Historic Main Street
Welcome to this self-guided tour of Main Street Oneonta, part of the Downtown Oneonta Historic District on the New York State and National Registers of Historic Places. We’re proud of our historic downtown, and pleased to share it with you.
This is the oldest brick building on Main Street, built in 1866, the year after the railroad came to Oneonta. Through the years the first floor held a hardware store, a restaurant, a dress shop, and a jewelry store. It has been the home of the Greater Oneonta Historical Society since 2005. Up Dietz Street you will see the Destination Oneonta Welcome Center, the site of the Post Office from about 1890 to 1915.
The original hotel on this site was the Central Hotel, built in 1873. It burned in 1910 and was soon replaced by the Oneonta Hotel. Note the lion heads and the Ionic columns on the Beaux Arts building. Broad Street once ran from the hotels on this site to the Delaware & Hudson railroad depot on Market Street.
Woolworth’s and Newberry’s were among several national chains on Main Street in the middle of the 20th century. Others included A & P, Grand Union, WT Grant, SS Kresge, JC Penney, and Sears Roebuck.
Wilber Bank moved to Oneonta in 1873 and was chartered in 1874. The bank at this site was built in four phases, beginning in 1907 with the wing at the west end. Wilber National Bank merged with Community Bank in 2011.
Built in 1867 by David Yager in the Italianate style, it was remodeled in 1891 in the Queen Anne style by George Fairchild. Fairchild was a US congressman and the first chairman of the board of IBM. Oneonta Masonic Lodge No. 466 has occupied the building since 1929.
Behind the First Presbyterian Church is Oneonta’s most historic cemetery. In 1805 Frederick Brown deeded the land for the church, parsonage, and cemetery. It was called Riverside because it was by the side of the Susquehanna River until the river was diverted in 1815. In 1860 the cemetery became independent of the church.
Oneonta’s City Hall was added to the Register of Historic Places as the Old Post Office. When the new post office was completed in 1967, the Old Post Office was slated for demolition, but community opposition saved it from urban renewal and led to its adaptive reuse as Oneonta’s City Hall.
Built in 1906, Oneonta’s first city hall is a mix of the Neo-Classical Revival and Beaux Arts styles. It served as seat of municipal government and the police and fire departments until 1980 when city offices moved to the Old Post Office.
The parking lot here was the site of the Westcott Block, a four-story building with a clock tower. Hops merchants Luzerne and Munro Westcott had the building constructed in 1886 for their offices. The building was razed in 1968 and the clock tower stored. The clock is now on display in the Walkway at 190 Main Street.
Broad Street with its hotels, bars, restaurants, and the city’s first YMCA had connected the railroad station to Main Street for more than 100 years. It disappeared without a trace between 1974 and 1976, a victim of urban renewal. The large, empty lot was not filled until more than a quarter century later when Muller Plaza was dedicated and the Clarion Hotel built.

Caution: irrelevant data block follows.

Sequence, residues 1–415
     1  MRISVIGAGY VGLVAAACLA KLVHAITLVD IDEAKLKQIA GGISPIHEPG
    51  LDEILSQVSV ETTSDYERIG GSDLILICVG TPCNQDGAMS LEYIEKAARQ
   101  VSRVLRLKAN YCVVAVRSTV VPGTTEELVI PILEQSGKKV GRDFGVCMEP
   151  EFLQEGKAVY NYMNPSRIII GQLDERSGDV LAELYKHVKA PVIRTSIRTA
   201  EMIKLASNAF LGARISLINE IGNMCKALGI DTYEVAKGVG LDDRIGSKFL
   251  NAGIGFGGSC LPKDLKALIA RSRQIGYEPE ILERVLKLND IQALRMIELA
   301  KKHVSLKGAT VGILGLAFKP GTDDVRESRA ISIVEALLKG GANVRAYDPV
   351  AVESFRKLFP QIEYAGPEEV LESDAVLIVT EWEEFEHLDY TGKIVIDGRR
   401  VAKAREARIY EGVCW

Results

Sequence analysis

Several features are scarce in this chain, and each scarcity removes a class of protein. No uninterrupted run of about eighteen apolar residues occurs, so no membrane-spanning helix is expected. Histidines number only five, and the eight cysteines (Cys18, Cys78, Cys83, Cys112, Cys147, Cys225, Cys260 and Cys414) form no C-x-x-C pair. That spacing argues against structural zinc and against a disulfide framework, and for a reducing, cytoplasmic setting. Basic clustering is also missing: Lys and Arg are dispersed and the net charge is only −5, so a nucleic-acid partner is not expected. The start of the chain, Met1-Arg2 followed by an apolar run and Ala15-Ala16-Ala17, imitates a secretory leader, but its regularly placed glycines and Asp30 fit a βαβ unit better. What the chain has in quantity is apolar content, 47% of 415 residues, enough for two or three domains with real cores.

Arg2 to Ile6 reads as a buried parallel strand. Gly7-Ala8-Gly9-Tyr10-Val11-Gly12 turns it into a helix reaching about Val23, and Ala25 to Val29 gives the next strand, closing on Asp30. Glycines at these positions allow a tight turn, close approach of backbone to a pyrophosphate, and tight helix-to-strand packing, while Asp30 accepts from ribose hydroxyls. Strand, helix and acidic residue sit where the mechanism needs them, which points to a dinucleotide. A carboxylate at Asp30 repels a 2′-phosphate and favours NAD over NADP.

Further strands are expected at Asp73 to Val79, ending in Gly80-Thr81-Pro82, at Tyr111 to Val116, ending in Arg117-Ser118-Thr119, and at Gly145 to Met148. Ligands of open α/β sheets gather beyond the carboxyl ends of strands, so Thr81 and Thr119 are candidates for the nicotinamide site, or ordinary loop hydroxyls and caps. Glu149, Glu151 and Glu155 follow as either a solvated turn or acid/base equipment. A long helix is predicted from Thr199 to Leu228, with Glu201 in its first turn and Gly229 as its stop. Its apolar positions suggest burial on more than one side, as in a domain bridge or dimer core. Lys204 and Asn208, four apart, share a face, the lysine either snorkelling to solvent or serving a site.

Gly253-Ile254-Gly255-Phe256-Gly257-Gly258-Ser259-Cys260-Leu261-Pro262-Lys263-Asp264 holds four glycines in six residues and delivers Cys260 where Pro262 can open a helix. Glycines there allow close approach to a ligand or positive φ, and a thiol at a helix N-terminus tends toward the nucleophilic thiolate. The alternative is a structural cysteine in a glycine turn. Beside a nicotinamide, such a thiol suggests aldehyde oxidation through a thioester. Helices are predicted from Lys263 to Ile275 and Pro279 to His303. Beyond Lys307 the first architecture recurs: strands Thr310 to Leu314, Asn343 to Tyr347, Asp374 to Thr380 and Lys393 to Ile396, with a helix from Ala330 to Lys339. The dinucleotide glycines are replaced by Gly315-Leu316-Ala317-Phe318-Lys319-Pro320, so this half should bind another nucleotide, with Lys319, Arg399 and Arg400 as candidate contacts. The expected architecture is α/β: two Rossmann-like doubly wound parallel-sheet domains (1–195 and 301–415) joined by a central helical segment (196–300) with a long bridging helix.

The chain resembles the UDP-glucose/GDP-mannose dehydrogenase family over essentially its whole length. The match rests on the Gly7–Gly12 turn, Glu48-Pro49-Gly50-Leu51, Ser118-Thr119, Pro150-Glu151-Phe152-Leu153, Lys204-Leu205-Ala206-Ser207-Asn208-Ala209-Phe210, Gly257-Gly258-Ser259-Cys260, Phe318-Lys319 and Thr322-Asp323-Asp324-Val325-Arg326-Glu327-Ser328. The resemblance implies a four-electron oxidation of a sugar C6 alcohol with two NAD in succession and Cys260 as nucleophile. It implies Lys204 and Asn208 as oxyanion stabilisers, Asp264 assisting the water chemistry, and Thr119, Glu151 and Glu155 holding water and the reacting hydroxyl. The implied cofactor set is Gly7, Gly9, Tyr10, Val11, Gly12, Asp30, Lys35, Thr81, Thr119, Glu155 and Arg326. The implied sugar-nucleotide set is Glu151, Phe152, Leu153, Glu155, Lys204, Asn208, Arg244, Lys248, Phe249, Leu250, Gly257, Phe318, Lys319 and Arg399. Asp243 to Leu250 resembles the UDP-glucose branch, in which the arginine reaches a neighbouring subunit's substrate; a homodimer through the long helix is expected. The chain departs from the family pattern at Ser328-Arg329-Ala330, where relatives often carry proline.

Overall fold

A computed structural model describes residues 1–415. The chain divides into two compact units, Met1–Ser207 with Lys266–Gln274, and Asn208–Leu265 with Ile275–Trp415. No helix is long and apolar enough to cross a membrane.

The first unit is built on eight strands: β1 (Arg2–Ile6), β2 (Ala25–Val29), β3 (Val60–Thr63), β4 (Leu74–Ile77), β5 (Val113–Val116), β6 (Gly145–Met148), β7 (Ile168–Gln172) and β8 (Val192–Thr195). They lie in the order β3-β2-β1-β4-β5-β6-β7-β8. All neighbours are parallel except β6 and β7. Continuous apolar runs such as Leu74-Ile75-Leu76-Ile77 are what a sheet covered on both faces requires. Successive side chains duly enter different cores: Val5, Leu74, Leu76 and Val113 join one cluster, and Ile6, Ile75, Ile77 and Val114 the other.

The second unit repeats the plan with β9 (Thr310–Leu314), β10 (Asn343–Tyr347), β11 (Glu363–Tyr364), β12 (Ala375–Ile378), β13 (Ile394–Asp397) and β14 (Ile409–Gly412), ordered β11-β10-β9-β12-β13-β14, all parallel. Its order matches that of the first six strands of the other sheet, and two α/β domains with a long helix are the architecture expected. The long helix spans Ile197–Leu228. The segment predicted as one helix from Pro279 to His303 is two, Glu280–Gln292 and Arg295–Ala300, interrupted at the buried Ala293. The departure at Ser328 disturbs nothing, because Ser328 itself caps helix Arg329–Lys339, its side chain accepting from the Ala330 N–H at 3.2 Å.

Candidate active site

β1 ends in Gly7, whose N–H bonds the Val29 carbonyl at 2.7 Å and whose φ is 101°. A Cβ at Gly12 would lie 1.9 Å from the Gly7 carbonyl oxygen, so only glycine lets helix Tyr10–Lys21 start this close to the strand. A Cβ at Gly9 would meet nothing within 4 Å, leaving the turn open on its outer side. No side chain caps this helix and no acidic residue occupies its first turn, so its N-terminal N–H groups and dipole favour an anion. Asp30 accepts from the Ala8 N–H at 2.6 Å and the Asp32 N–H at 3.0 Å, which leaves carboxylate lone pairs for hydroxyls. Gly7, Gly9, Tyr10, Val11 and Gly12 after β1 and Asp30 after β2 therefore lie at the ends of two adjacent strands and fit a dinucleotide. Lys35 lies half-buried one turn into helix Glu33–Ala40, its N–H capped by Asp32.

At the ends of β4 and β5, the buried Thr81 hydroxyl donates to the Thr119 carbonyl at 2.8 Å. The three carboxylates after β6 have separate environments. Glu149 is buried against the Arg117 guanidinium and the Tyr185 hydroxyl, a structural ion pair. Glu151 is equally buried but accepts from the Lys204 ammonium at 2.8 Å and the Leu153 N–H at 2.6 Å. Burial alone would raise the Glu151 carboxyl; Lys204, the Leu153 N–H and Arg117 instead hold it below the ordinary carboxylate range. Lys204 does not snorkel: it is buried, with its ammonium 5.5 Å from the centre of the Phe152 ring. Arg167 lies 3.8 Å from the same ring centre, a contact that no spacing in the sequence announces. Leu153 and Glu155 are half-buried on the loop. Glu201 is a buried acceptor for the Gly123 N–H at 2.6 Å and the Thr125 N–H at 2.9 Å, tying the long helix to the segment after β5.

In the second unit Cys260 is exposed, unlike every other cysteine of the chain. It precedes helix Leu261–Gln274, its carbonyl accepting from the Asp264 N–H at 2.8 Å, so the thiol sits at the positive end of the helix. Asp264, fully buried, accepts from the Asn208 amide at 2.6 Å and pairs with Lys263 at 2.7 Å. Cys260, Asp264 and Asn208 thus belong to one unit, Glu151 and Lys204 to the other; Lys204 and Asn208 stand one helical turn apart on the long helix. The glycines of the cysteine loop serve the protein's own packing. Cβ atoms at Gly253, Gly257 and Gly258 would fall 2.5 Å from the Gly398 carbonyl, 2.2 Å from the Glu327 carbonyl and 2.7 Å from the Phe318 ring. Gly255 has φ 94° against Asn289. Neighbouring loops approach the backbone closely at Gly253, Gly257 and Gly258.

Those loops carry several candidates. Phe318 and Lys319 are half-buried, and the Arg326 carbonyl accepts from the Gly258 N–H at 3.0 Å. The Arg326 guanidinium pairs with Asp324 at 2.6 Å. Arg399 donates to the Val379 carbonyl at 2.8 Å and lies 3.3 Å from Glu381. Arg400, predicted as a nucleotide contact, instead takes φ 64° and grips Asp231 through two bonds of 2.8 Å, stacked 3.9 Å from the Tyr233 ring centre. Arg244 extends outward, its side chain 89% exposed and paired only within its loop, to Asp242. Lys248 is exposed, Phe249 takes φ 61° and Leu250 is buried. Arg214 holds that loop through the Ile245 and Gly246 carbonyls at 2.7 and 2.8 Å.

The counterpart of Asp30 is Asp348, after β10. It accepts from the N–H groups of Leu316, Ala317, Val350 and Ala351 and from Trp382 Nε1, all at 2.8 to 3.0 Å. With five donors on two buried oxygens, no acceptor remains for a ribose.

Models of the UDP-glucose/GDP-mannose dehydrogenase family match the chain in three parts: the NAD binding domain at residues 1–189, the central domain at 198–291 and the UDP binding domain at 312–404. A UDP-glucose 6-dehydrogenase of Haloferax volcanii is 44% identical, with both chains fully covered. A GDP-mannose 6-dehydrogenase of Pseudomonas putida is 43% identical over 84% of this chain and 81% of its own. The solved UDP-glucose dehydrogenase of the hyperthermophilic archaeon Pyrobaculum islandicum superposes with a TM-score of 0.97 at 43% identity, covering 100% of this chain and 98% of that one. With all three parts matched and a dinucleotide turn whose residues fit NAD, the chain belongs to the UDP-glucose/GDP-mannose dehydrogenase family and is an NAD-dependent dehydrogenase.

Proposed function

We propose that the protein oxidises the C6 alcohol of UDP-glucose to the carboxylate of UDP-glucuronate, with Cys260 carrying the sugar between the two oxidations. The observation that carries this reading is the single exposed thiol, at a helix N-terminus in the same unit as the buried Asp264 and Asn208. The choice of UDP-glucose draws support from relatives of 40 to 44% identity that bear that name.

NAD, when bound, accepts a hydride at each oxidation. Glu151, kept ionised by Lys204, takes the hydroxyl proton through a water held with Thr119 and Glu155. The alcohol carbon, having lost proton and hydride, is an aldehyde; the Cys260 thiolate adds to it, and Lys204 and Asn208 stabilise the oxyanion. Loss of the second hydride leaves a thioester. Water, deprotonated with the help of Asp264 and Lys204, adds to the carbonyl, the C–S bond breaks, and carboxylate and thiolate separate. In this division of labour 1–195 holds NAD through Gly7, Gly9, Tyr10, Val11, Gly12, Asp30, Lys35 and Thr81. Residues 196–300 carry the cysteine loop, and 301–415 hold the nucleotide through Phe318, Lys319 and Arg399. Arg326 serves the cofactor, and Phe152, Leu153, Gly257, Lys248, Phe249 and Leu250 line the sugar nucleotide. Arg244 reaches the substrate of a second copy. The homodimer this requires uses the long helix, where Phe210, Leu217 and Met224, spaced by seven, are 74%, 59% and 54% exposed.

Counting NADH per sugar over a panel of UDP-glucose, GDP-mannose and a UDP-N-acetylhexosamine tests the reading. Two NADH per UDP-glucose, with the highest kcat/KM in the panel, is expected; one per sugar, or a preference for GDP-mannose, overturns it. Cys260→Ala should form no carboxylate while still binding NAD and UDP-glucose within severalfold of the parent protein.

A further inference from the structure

Eliakim Ford had a stone store on the site in 1840. After a disastrous Main Street fire in 1881, his grandson Newton Ford and others built the Ford Block. The block was slated for demolition during urban renewal, with plans to use the space for a shopping center, but funding ran out and the building was saved.
The string of light-colored brick buildings was once the site of Wooden Row, among the last wooden buildings along Main Street. Periodic fires downtown precipitated the move from wood to brick building materials. The worst of these fires destroyed Wooden Row on December 27, 1908.
At the end of the 19th century, residences and businesses lined this section of Main Street. This 1903 map mistakenly shows Market St. as Markle St. In 1921 part of this area became Brown Park, donated to the city by Walter Brown, who lived across street at 97 Main. Much of the land became a parking lot in the 1950s, then the Clinton Plaza development in the 1970s. The only remnant of the park is the spit of land around monument to the 1779 Clinton-Sullivan expedition.
Peter Dinniny had a general store at this corner in 1790, the first in what would become the commercial district. In 1872 the Stanton Opera House was built on the same site.
This is the oldest building on Main Street, originally stone with a wood front. After a fire in 1890 a third floor was added along with the metal facade. For 74 years it was the City Drug Store. The Novelty Lounge has been at this site since 1970. The late 1960s’ photo shows Frew’s Bakery at 149 Main.
Stevens was a Main Street institution for 130 years. Founded by T. Waldo Stevens in 1882, it changed with the times, from repairing carriages, to selling hardware, to being a fish and game store. John Stevens (1918-2012), grandson of the founder, ran the family business until 2012. Note the building’s ornate facade.
Bresee’s department store was a mecca for area shoppers for a century. A 1949 article in Collier’s Magazine compared the store owned by the Bresee family to Macy’s and Gimbels. Bresee’s closed in 2005. Only one third of the department store complex remains, with retail on the first floor and apartment living on the upper floors.